By Geoffrey Smith
Investing.com — Congress confirms Joe Biden as president-elect; Donald Trump backs down on leaving the White House after his supporters trashed the Capitol. Weekly jobless claims and monthly trade balance data are due; Alibaba and Tencent (HK:) head for the U.S.’s naughty list, and oil consolidates above $50. Here’s what you need to know in financial markets on Thursday, January 7th.
1. Biden confirmed, Trump promises to go quietly
Congress confirmed the election of Joe Biden as duly-elected president, paving the way for his inauguration on January 20th. Donald Trump said via a spokesman that he would guarantee an orderly transition of power.
The developments came after Trump’s supporters, many of them armed, stormed the Capitol in an unprecedented episode that left four people dead. Police reported “in excess of 52 arrests”. Biden called the incident “an insurrection”. In a video message subsequently taken down by Twitter, Trump repeated his support for the rioters, telling them: “We love you very much.”
Republican Congressmen and Senators continued to challenge the electoral results submitted by the states – even after the riot – repeating allegations that have been dismissed as unsubstantiated in over 60 legal cases by U.S. courts. A YouGov poll indicated that 45% of Republican voters supported the rioters’ action.
2. Dollar, Treasuries trim losses after Senate-driven sell-off
The dollar and U.S. Treasury bonds trimmed their losses after the Democratic Party’s apparent victory in both of the Georgia Senate runoffs handed control of the upper chamber back to the party after six years.
Both had sold off on Wednesday in anticipation that Biden will be able to push through a more progressive agenda once inaugurated, given that vice-president Kamala Harris will have the casting vote in a Senate split 50-50.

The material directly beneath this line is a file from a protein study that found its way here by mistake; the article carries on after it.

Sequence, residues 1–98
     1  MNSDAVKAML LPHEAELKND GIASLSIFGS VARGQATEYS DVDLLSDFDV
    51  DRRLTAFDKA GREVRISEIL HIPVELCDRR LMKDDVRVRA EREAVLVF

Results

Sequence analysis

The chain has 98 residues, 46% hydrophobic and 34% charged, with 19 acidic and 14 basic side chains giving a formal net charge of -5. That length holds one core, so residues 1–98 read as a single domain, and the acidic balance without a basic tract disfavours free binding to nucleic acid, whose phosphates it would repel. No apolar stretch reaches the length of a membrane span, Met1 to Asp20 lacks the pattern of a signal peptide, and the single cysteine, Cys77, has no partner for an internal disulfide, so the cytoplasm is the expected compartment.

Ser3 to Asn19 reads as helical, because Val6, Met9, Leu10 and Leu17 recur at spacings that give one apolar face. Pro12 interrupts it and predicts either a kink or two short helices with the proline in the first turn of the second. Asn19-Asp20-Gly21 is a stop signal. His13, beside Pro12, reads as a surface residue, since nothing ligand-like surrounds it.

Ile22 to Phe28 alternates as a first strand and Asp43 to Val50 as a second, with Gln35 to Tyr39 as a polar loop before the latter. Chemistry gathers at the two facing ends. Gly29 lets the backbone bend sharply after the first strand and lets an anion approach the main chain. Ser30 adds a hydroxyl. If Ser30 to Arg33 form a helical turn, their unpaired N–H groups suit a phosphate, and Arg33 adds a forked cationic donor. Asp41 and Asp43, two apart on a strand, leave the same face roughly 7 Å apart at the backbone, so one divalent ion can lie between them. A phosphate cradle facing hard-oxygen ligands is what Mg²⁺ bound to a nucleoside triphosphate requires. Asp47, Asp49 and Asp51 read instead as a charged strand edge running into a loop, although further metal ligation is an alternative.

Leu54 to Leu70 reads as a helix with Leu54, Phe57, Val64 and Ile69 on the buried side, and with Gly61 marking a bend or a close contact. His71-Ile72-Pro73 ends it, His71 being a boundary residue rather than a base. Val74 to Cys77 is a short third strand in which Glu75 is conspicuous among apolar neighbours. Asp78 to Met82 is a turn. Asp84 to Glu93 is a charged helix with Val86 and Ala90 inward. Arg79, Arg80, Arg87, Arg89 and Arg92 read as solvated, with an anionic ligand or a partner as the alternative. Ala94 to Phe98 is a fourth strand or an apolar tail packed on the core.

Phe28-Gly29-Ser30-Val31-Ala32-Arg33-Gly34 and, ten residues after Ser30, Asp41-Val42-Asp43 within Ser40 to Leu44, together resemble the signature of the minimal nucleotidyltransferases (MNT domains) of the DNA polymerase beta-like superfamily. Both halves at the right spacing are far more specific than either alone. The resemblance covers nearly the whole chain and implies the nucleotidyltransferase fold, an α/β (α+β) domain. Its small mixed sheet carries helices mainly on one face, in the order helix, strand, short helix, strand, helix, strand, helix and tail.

By 6:30 AM ET (1130 GMT), the , which tracks the greenback against a basket of advanced economy currencies, was up 0.4% at 89.877, while the bond yield was at 1.04%, down from a high of 1.07% (prices and yields move inversely).
Dollar-debasement trades, reflected in the price of various crypto-currencies, continued unabated. topped $37,175 with a 7.8% gain and rose 6.6% to a three-year high of $1,225.
3. Stocks set to open higher on stimulus prospects; jobless claims eyed
U.S. stock markets are poised to open higher again, as the prospect of further stimulus from both the government and the Federal Reserve banishes any concerns about the stability of U.S. democracy and the rule of law.
By 6:30 AM ET, were up 62 points, or 0.2%, while were up 0.3% and were up 0.6%.
The market’s attention early on is likely to be focused on jobless claims for last week, which are due at 8:30 AM ET. are expected to rise to 800,000 from 787,000, while claims are seen edging down by some 20,000 to 5.200 million. The survey is also due, as are the last figures of the Trump presidency. They’re expected to show a deficit of $65 billion in November, around 30% wider than when he took office.
4. Alibaba and Tencent head toward U.S. blacklist
The U.S. is considering extending a U.S. stock market ban on Chinese companies to Internet giants Alibaba (NYSE:) and Tencent (OTC:), according to The Wall Street Journal, in what would represent a further severing of the financial ties between China and U.S. capital markets.
The news came a day after the New York Stock Exchange again changed tack and went ahead with the delisting of three big Chinese telecom companies.
Alibaba and Tencent are China’s two most valuable private companies, with a combined value of over $1.3 trillion. Both sets of ADRs fell over 4% in late trading in New York on Wednesday. The move would come at a particularly painful time for Alibaba, whose founder Jack Ma is coming under increasing pressure from Chinese regulators over the activities of Alibaba’s financial services affiliate Ant Group.
5. Oil consolidates after EIA data
Crude oil prices consolidated above $50, still enjoying the support from Saudi Arabia’s unexpected decision to cut production unilaterally by 1 million barrels a day in February and March.
The move represents a return, if only temporary, to acting as the world’s swing producer, a role it has tried many times in the past to shed, but one that it is repeatedly forced to assume given its unparalleled production capacity and low operating costs.
By 6:40 AM, futures were up 0.3% at $50.76 a barrel, while was down 0.3% at $54.16 a barrel. Concerns about the near-term outlook for demand were alleviated by a bigger-than-expected drop of 8 million barrels in U.S. inventories last week, according to government data.